Friday in this riddle is the name of a conveyance: a horse, car, motorcycle, etc.—anything that can be ridden.
The other clue word in the phrasing of the question is “on.” The riddle could be worded “came into town on,” “arrived in town on,” or even “went to town on.”
Since we pair “ride” and “on” in English, the riddle will work with anything that can be sat on and ridden. Traditionally, the answer is that the man’s horse is named Friday. While Friday is an unusual name, it is not unheard of. Other examples of English names that refer to more than one thing include April, May, and Robin.
Also, the length of time the cowboy (or man, or woman) stays in the town can vary to anything short of a week (if the cowboy stayed one week, it would be Friday again, so he would of course leave on a Friday).
As many of the other educators have astutely pointed out, the answer to this riddle is held in paying attention to the way that it is phrased. The cowboy did not drive into town; he rode into town. Thus, we can conclude that the cowboy rode in on a horse, and that that horse's name was Friday! The riddle ultimately has nothing to do with the days of the week because the cowboy can ride in and out of town on Friday the horse any day of the week.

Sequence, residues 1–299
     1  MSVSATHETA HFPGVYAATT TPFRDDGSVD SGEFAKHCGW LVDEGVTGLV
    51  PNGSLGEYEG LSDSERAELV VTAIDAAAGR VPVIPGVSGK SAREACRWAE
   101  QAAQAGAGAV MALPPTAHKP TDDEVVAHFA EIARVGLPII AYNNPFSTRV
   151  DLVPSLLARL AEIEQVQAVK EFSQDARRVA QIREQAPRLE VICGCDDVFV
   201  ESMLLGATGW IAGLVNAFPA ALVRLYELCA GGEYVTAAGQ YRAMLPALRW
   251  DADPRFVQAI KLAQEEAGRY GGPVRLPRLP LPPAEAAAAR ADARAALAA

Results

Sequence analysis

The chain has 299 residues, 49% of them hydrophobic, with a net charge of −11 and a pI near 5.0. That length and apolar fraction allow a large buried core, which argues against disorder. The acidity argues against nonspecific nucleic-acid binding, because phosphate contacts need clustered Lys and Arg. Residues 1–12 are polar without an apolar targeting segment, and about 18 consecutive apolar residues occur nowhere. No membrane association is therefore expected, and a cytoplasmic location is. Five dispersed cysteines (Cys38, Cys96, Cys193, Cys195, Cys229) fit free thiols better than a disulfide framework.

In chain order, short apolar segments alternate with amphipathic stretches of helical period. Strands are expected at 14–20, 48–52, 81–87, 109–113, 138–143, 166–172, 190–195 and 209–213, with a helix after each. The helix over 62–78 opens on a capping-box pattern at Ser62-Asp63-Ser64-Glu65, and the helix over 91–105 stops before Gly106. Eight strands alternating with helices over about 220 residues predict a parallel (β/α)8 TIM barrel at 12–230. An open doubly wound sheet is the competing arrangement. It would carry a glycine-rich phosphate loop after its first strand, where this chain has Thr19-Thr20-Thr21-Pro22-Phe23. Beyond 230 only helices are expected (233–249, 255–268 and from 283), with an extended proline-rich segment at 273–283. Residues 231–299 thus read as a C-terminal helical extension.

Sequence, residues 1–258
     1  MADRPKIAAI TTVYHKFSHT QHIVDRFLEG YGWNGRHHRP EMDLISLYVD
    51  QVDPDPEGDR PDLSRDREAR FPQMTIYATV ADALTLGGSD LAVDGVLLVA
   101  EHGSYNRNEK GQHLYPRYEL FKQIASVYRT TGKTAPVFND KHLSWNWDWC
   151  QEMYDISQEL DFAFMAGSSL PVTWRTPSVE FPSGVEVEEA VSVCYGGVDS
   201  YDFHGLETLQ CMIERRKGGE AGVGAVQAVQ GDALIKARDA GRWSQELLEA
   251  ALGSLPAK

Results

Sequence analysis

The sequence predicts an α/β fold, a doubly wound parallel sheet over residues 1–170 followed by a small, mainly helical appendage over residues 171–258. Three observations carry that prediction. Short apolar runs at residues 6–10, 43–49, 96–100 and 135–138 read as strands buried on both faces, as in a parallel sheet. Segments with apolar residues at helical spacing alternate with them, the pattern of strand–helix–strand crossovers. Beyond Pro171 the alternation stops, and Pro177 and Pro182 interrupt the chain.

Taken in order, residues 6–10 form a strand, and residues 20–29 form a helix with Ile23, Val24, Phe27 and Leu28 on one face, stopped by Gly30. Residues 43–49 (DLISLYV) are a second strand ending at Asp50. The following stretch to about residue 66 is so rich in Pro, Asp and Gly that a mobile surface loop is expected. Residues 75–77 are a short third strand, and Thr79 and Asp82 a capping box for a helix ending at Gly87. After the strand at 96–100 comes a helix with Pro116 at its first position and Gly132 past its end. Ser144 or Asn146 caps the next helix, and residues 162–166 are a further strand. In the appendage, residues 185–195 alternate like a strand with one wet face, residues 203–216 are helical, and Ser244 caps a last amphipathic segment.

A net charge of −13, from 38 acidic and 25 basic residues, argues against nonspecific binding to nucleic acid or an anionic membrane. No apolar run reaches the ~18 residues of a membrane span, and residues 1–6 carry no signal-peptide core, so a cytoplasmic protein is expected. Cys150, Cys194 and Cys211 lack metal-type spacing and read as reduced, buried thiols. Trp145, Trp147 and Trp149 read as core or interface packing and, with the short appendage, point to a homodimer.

You might be interested to know as a little side note that the word "riddle" has the same origin as the word "read." Both words stem from the Old English word "ræ̅dan," which means to "interpret or guess." Thus, that is exactly what we are meant to do with riddles— read for interpretation rather than literally.
It's a fun riddle! Obviously, the horse's name is Friday. I love riddles like this. My favorite one is the one where the animal has four legs in the morning, two in mid day and three in the evening. It's a person! Crawling, walking, then walking with a cane.
No doubt the answer to this aged riddle is the horse is named Friday. What about this riddle, "Brothers and sisters I have none, but this man's father is my father's son." Who am I? Or what about this one? Backward I am heavy, but forward I am not?
I would say pohnpei has hit upon the correct answer to this riddle. The cowboy has indeed rode into town on his horse Friday and also rode out on his horse Friday three days later.
As far as I am concerned, the only possible answer to this question is that the word "Friday" does not refer to the day of the week. There is no way that you can have three days between one Friday and the next.
So you have to think about the fact that this guy is a cowboy. If he rides into town, it's on a horse, not in a car. And horses tend to have names given to them by their owners. So it has to be that his horse was named Friday. That way, he could ride in and out of town on Friday no matter how many days he stayed.
Here's a link to that same riddle: